Lynchburg, VA - Lynchburg City Schools are considering raising the price of a school lunch by 25 cents, but another number related to school nutrition is exposing a bigger problem. Currently 64% of LCS students are eligible for free or reduced lunch.
"The fact that the schools are having to deal with this issue is a direct reflection of what's in the community,” said Leslie Hoglund, Ph.D., Senior Health Educator for the Central Virginia Health District. "The schools alone are not going to be able to solve this problem It's going to take the larger institutions coming together in the community to say how can we really move the needle."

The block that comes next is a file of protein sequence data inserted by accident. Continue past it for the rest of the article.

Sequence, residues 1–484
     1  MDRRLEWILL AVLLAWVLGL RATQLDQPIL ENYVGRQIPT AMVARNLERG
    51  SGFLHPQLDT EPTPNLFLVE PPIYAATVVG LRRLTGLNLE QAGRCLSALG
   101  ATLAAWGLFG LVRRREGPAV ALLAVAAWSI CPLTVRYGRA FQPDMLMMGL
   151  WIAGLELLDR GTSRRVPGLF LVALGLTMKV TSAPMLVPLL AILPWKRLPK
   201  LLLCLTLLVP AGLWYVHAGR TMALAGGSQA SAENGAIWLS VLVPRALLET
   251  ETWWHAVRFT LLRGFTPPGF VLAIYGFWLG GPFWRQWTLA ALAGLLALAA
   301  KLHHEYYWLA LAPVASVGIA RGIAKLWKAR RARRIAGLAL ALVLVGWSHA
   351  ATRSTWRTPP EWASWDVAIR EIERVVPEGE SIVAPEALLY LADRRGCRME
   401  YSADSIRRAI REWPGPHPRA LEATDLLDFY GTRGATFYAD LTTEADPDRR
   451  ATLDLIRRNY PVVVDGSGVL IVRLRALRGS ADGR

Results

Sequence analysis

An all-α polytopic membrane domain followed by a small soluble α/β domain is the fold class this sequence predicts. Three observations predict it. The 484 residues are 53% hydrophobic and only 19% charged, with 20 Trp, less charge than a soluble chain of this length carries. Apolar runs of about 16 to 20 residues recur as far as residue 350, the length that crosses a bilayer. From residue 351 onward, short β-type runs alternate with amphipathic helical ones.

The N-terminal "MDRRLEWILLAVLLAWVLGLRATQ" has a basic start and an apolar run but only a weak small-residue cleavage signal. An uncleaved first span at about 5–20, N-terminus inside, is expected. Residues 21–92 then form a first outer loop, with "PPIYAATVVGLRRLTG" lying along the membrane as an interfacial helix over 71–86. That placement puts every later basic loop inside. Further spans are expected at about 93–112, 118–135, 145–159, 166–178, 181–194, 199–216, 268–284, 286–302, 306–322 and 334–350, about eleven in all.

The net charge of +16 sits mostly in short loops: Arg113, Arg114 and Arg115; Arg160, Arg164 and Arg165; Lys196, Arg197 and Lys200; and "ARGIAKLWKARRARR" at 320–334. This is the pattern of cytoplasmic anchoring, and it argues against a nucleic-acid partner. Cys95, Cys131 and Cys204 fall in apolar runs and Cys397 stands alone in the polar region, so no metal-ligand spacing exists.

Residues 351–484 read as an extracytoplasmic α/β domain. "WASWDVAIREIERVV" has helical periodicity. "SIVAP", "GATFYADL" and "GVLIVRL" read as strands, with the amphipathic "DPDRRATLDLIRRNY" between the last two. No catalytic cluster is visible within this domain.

Councilwoman Joan Foster has been working with Hoglund and wants to improve Lynchburg’s poverty situation in the next four years. She's starting by reviewing poverty studies conducted by other Virginia cities.
“Richmond's an urban area. Norfolk's an urban area. We're not as large as those two cities, but I want to get a background on what they're doing,” said Foster. "Every child born in this community should know that this community cares for them and that they want them to be successful.”
Lynchburg City Schools hosted a school summit last month. Participants have been invited to a special session next week, which will address how poverty affects homes, schools, and the community.